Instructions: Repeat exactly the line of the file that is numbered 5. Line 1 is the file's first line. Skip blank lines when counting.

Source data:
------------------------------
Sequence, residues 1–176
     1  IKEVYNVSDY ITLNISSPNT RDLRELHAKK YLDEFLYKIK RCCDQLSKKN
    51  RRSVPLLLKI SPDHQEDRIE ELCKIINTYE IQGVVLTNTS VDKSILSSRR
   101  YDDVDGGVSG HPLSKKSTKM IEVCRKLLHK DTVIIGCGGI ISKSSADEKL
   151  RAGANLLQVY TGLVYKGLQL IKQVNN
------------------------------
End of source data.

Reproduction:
   151  RAGANLLQVY TGLVYKGLQL IKQVNN